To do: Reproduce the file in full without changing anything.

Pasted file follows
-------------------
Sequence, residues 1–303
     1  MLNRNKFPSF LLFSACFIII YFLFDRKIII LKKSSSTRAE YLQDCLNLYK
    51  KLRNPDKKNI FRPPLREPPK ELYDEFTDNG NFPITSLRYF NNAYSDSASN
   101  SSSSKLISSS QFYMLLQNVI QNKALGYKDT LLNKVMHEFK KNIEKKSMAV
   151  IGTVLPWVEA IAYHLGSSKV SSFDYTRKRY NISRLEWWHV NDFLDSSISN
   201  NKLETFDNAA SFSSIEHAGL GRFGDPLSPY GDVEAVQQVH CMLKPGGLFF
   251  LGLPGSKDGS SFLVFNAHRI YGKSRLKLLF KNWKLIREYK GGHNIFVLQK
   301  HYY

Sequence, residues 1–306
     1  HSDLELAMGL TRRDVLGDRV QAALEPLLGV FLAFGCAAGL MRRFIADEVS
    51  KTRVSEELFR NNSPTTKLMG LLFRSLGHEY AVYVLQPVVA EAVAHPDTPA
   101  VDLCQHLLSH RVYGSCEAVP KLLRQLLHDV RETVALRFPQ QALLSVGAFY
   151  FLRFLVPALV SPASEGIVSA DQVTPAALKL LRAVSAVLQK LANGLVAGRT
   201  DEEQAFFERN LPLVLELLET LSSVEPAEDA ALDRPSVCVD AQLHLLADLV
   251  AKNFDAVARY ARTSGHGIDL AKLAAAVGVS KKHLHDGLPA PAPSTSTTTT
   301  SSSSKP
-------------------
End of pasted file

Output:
Sequence, residues 1–303
     1  MLNRNKFPSF LLFSACFIII YFLFDRKIII LKKSSSTRAE YLQDCLNLYK
    51  KLRNPDKKNI FRPPLREPPK ELYDEFTDNG NFPITSLRYF NNAYSDSASN
   101  SSSSKLISSS QFYMLLQNVI QNKALGYKDT LLNKVMHEFK KNIEKKSMAV
   151  IGTVLPWVEA IAYHLGSSKV SSFDYTRKRY NISRLEWWHV NDFLDSSISN
   201  NKLETFDNAA SFSSIEHAGL GRFGDPLSPY GDVEAVQQVH CMLKPGGLFF
   251  LGLPGSKDGS SFLVFNAHRI YGKSRLKLLF KNWKLIREYK GGHNIFVLQK
   301  HYY

Sequence, residues 1–306
     1  HSDLELAMGL TRRDVLGDRV QAALEPLLGV FLAFGCAAGL MRRFIADEVS
    51  KTRVSEELFR NNSPTTKLMG LLFRSLGHEY AVYVLQPVVA EAVAHPDTPA
   101  VDLCQHLLSH RVYGSCEAVP KLLRQLLHDV RETVALRFPQ QALLSVGAFY
   151  FLRFLVPALV SPASEGIVSA DQVTPAALKL LRAVSAVLQK LANGLVAGRT
   201  DEEQAFFERN LPLVLELLET LSSVEPAEDA ALDRPSVCVD AQLHLLADLV
   251  AKNFDAVARY ARTSGHGIDL AKLAAAVGVS KKHLHDGLPA PAPSTSTTTT
   301  SSSSKP